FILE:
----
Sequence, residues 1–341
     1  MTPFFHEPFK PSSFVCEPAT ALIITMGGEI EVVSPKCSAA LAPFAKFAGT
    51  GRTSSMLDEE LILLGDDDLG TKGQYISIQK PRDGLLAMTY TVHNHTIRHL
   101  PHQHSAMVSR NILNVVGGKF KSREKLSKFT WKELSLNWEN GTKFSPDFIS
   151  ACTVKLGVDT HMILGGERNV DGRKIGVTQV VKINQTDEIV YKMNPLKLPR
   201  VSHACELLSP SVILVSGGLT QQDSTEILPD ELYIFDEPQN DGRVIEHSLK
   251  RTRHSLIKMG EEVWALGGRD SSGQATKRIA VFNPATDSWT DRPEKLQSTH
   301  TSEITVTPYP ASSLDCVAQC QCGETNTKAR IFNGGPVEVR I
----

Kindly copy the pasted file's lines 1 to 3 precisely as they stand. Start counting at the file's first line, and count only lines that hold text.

Sequence, residues 1–341
     1  MTPFFHEPFK PSSFVCEPAT ALIITMGGEI EVVSPKCSAA LAPFAKFAGT
    51  GRTSSMLDEE LILLGDDDLG TKGQYISIQK PRDGLLAMTY TVHNHTIRHL